A Reflux Parent's Guide to Immunizations

Tracy Davenport, Ph.D. Health Guide
  • As the school year begins, it is important that your child has his or her immunizations up to date. Vaccines safeguard children from illnesses and death caused by infectious diseases. However, some children with acid reflux have a weakened immune system, or allergic reactions that may create a potential for an adverse reaction associated with the vaccine. These side effects of the immunizations may be more of an exception than rule, but none-the-less, below are 5 things which may be helpful to know if your child is due for immunizations.


    1) Published schedules of recommended immunizations are easy to find on the internet. For example, the Centers for Disease Control publish a schedule for all individuals, birth to adult at (http://www.cdc.gov/vaccines/recs/schedules/default.htm). Or just for children, you can visit the website by the American Academy of Pediatrics (http://www.cispimmunize.org/).

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    2) The Institute of Medicine and the Centers for Disease Control reject the belief that a mercury based preservative found in some vaccines causes autism in children. This has been an extremely hot topic over the past ten years. Some parents believe increased exposure to the preservative thimerosal (from the addition of new vaccines recommended for children) is to blame for the increased prevalence in Autism in recent years. If this is a topic you are concerned about for your own child, the CDC provides a brief summary of a timeline of the debate and what research is currently underway (http://www.cdc.gov/vaccinesafety/concerns/thimerosal_timeline.htm)

    3) Some believe immunizations make reflux (at least temporarily) worse in infants and children. If you cruise through chat rooms of reflux support groups, there is always some discussion about how reflux symptoms worsen for some children after immunizations. While there is little published documentation on this topic, it makes perfect sense for several reasons. For example, immunizations often cause a baby to cry, and crying can increase reflux. Another reason is that many babies and children with reflux already have weakened immune systems, so any additional stress to the system has the potential to make things worse, at least temporarily.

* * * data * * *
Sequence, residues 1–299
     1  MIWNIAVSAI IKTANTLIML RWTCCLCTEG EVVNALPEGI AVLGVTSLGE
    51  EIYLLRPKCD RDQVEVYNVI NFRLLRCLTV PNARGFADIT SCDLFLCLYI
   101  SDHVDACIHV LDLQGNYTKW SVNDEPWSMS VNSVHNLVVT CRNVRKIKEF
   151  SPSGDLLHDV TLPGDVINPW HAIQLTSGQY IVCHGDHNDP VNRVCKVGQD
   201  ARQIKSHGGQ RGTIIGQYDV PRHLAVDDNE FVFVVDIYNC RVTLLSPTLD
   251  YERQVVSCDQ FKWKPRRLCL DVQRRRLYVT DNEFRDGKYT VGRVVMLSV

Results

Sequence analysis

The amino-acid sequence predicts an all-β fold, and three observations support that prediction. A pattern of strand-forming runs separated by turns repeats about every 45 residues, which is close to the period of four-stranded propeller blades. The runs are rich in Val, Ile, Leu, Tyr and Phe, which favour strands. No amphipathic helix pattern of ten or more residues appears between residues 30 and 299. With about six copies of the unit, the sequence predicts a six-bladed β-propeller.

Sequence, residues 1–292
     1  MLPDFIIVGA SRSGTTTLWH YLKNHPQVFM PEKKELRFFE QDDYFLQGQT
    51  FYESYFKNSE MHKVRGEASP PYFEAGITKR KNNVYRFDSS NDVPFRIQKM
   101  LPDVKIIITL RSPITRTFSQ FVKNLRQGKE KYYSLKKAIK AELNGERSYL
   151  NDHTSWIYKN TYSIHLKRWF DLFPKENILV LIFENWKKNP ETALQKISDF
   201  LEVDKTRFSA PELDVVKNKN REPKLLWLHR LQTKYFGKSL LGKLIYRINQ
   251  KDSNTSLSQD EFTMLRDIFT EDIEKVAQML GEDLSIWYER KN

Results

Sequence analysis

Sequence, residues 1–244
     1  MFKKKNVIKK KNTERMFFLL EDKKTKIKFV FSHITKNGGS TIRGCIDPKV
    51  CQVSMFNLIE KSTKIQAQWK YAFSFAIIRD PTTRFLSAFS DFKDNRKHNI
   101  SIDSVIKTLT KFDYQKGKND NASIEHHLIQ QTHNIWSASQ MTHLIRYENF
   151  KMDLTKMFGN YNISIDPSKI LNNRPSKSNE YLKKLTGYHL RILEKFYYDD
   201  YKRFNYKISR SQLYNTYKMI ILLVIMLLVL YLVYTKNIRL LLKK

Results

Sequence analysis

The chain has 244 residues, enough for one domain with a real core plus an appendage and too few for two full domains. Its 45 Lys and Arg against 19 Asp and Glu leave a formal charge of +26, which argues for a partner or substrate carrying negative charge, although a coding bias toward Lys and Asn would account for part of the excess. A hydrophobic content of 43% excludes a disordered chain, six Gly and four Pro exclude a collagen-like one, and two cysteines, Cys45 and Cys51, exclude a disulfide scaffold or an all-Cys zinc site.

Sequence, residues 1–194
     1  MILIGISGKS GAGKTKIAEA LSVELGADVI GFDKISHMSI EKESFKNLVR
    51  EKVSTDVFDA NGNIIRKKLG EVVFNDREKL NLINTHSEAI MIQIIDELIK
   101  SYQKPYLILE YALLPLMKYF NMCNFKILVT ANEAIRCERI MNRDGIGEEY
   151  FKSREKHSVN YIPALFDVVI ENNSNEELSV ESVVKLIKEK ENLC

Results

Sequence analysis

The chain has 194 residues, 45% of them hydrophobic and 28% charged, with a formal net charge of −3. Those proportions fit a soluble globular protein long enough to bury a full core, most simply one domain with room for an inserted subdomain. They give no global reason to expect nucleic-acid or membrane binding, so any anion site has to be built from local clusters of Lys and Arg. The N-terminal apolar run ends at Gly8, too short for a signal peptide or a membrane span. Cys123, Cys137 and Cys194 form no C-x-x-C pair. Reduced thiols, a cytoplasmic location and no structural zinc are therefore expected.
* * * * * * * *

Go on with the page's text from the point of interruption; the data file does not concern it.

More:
4) Some vaccines contain traces of food your child may be allergic to. Some children have "allergic reflux." Their acid reflux occurs as their body's mechanism of rejecting a food they are unable to tolerate, either because of a food sensitivity or food allergy. Egg, gelatin, and baker's yeast may all be present in small amounts in routine childhood vaccines. (For a list of foods commonly related to food intolerance and acid reflux click here)

    5) Talk to your child's doctor if any of these issues are a concern for you or your child. Our own son just had his 6 year check up. Typically, our doctor gives children four vaccines at these visits. However, knowing about our son's reflux, he postponed the vaccines for a week or two, until he has a chance to check in with our gastroenterologist, about any specific concerns.


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    Vaccines are vital - however, if your infant or child has reflux, a little extra effort may be needed to make sure your child feels as well as possible afterwards.



Published On: September 10, 2008